Both of the treaters who examined White and inquired about her job requirements concluded that she was unable to continue on in her "own occupation." R. 29-30 (Attending Physician Statement signed by Dr. Milik); 19-20 (letter by Dr. Milik attached to White's first appeal); 229-37 (therapist Toni Blumenthal's report). Dr. Milik spoke with White about the requirements of her job and opined that "obviously with her current medical condition and continuing pain as well as her major depression, she would not be able to continue at her previous position." R.20. Toni Blumenthal indicated that he did not believe White could work as it was difficult for her to do any daily jobs. R. 230. The Court discounts the recommendations by MetLife's IPCs, Drs. Menotti and Givens, primarily because neither of those reviewing doctors examined White or spoke with her treating physicians, nor did they have any way of knowing White's true occupation, much less what it required of her on a daily basis. Nothing in the record controverts the conclusion that White could not continue to work at her "own occupation" as a Senior Communications Specialist at ALPA. This Court concludes that she was therefore disabled under the Met Life Plan.

  Furthermore, the Social Security Administration determined that White was disabled on December 19, 2003. Because the Social Security determination was rendered after MetLife's final decision, it was not considered by the Court in regards to the merits of White's claim. See Perlman, 195 F.3d at 982 (limiting deferential judicial review under ERISA to the information submitted to a plan's administrator). However, although this Court did not consider the Social Security determination for the purposes of determining whether MetLife's decision was arbitrary and capricious, Social Security decisions are still relevant and instructive. Tegtmeier v. Midwest Operating Eng'rs Pension Trust Fund, 390 F.3d 1040, 1046-47 (7th Cir. 2004); Donato v. Metro. Life Ins. Co., 19 F.3d 375, 380 (7th Cir. 1994). Thus, although determinations made by the Social Security Administration are not binding in ERISA actions, see Anderson, 991 F.2d at 358-59 (7th Cir. 1993) (holding that Social Security determinations of disability are not dispositive of disability under a pension plan), a determination of disability under the Social Security Act can be considered when applicable. See Ladd, 148 F.3d at 755-56 (considering the grant of social security benefits in an ERISA case as it related to defendant insurance company's actions).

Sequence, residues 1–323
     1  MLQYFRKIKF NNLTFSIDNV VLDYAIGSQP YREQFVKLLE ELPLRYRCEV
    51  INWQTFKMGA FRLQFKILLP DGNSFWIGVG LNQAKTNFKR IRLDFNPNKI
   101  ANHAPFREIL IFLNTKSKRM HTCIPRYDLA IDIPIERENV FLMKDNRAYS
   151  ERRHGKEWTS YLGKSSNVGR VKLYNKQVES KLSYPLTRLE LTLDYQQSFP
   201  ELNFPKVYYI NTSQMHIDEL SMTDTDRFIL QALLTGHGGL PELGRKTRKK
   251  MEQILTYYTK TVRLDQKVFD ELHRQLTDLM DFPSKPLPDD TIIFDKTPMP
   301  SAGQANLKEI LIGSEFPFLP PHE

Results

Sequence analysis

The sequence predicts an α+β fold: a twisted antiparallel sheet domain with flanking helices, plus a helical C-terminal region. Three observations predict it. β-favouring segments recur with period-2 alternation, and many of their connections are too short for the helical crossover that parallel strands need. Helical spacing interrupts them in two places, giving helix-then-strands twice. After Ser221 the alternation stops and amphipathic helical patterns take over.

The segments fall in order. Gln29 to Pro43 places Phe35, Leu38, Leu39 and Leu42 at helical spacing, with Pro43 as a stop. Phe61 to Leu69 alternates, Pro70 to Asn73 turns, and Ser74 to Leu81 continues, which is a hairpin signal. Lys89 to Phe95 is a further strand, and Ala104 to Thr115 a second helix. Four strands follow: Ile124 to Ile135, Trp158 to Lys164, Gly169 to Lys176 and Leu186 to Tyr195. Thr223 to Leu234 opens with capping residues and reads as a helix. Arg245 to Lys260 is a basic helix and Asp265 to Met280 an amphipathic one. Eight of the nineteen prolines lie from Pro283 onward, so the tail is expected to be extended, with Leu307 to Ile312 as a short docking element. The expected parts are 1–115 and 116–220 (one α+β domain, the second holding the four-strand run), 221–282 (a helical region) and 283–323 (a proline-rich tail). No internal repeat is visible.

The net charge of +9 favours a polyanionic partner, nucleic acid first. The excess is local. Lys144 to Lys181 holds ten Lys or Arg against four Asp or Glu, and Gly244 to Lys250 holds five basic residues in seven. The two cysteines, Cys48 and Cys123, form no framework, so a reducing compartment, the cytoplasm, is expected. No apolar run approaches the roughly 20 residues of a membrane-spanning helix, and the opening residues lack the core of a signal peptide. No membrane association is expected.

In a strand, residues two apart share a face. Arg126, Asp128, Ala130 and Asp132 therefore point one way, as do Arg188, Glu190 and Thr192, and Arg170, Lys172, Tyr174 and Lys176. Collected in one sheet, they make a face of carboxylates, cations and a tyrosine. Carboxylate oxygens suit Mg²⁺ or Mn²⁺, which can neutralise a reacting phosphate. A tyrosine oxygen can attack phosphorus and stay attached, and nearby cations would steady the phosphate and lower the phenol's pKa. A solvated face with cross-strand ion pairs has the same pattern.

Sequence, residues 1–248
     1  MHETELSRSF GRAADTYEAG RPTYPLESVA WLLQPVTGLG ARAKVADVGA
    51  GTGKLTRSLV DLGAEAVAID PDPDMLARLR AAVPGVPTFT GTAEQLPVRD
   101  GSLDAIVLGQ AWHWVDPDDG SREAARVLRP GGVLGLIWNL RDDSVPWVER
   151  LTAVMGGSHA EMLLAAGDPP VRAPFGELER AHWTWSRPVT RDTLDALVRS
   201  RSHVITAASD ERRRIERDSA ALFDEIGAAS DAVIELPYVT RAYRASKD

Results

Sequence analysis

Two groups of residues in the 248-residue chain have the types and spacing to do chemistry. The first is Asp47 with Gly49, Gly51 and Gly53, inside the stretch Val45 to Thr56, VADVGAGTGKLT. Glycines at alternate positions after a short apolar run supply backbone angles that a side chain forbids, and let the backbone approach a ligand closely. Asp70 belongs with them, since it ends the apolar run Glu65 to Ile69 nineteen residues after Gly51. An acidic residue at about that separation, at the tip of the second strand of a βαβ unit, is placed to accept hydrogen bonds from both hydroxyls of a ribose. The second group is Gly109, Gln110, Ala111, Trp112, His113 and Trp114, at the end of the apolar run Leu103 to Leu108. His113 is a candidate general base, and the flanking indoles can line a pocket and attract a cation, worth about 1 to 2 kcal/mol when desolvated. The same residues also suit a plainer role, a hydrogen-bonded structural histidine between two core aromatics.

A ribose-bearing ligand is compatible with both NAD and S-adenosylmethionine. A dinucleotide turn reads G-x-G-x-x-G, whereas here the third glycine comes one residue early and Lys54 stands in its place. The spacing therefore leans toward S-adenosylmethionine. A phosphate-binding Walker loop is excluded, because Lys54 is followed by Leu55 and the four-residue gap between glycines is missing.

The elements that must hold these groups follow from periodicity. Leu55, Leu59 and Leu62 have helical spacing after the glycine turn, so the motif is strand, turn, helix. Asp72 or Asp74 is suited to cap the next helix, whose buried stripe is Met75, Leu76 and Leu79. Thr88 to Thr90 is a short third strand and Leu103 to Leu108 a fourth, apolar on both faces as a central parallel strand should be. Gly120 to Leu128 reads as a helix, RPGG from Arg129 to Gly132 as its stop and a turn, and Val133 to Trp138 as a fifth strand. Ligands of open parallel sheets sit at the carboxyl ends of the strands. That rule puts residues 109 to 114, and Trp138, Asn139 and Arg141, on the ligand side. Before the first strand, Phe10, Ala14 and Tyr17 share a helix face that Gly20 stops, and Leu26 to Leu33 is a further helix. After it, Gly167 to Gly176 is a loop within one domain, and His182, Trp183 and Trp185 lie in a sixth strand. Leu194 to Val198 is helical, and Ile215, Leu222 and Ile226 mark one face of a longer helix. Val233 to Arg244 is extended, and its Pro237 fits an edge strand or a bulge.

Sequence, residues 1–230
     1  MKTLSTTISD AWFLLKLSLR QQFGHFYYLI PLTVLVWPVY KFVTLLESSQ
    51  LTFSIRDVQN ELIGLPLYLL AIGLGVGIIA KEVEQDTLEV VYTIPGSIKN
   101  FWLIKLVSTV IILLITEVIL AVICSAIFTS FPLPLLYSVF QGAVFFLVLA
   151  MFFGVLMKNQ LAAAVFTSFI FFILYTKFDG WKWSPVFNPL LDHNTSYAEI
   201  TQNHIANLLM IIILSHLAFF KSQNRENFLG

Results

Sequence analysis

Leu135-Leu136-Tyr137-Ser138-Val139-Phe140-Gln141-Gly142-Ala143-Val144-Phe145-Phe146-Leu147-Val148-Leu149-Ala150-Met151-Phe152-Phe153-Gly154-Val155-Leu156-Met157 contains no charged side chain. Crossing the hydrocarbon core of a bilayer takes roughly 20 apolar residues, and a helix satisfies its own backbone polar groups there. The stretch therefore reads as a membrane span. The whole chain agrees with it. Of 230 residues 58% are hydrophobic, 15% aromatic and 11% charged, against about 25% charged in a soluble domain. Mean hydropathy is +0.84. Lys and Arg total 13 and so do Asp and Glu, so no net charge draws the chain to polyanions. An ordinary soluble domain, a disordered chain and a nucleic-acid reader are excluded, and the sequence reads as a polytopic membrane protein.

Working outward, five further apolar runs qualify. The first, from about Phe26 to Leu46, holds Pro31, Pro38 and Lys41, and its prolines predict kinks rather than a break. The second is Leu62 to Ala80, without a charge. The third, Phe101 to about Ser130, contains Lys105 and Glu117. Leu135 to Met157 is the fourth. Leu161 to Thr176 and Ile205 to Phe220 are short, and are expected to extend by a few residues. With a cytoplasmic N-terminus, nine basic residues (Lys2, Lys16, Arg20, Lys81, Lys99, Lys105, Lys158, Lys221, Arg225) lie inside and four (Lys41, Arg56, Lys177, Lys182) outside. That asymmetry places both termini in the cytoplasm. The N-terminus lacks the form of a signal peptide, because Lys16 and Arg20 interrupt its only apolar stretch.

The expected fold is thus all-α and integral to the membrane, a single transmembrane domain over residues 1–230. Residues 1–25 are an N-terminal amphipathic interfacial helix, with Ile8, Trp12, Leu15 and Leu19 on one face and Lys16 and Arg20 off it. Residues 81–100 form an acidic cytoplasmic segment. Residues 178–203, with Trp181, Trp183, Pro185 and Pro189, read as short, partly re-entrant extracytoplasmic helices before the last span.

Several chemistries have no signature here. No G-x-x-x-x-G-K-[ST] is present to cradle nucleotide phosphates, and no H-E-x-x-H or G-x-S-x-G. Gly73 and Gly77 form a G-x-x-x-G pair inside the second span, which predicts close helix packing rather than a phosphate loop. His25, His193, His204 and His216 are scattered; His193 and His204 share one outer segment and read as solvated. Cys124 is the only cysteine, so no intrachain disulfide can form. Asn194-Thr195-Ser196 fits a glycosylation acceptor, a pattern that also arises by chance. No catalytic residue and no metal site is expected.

It is true that the Social Security Administration and MetLife make their determinations based on different standards — the Social Security Administration determines whether a claimant is disabled from any occupation, whereas MetLife determines whether the claimant is disabled from his own occupation. See 20 C.F.R. § 416.920. However, an inability to perform one's own job is one of the five steps necessary to prove entitlement to Social Security benefits, see id., thus the award of Social Security benefits by an impartial Administrative Law Judge is instructive. Only after the Administrative Law Judge has concluded that the claimant cannot perform her own occupation does he consider whether the claimant can perform any occupation. Id. It is likely more difficult for a claimant to prove that she is disabled from any occupation than to prove that she is disabled from her own. Although the social security determination of disability is not binding on this court, it corroborates the conclusion that plaintiff was disabled from performing her regular occupation. See La Barge, 2001 WL 109527 at *8 ("The findings of the Social Security Administration is compelling evidence of [the claimant's] disability.").

   As it is clear to this Court that MetLife acted arbitrarily and capriciously in denying White's claim for LTD benefits, public policy warrants that White be immediately awarded her past due benefits under the Plan. Hackett, 315 F.3d at 776 (awarding the reinstatement of benefits because the termination was arbitrary and capricious); see also Halpin, 962 F.2d at 697 (finding that the reinstatement of benefits was proper where significant procedural defects occurred in the plan administrator's review).


   Under ERISA, "the court in its discretion may allow a reasonable attorney's fee and costs of action to either party." 29 U.S.C. § 1132(g)(1). In awarding attorney's fees to the prevailing party, the court asks whether the losing party's position was substantially justified and taken in good faith. Wyatt v. Unum Life Ins. Co. of Am., 223 F.3d 543, 547 (7th Cir. 2000). The Court finds that MetLife's position was not substantially justified and was not taken in good faith as itemized above. See Parts II.C-D. Therefore, White is entitled to attorney's fees. See Hess, 274 F.3d at 464. IV. CONCLUSION

   For the reasons set forth in this opinion, the Court finds in favor of Plaintiff, Kathleen White, and against Defendant, Metropolitan Life Insurance Company, for all back payments due under the Plan, plus prejudgment interest and attorney's fees and court costs, once these amounts are computed. MetLife shall continue making future payments to Plaintiff under the Plan until such time as it makes an adverse determination consistent with ERISA of her entitlement to LTD benefits under the Plan. The Court directs counsel to confer in order to assist the parties and the Court to reach an agreement as to the amount of past benefits, prejudgment interest, attorney's fees, and costs to be awarded consistent with this opinion. The status of the agreement as to the amount of the judgment shall be reported at 10:00 a.m. on April 26, 2005, and the parties shall submit a proposed final judgment order. The parties are encouraged to expedite the exchange of information regarding attorney's fees and costs under Local Rule 54.3. A final judgment will be entered once all of the computations have been agreed to or decided by this Court.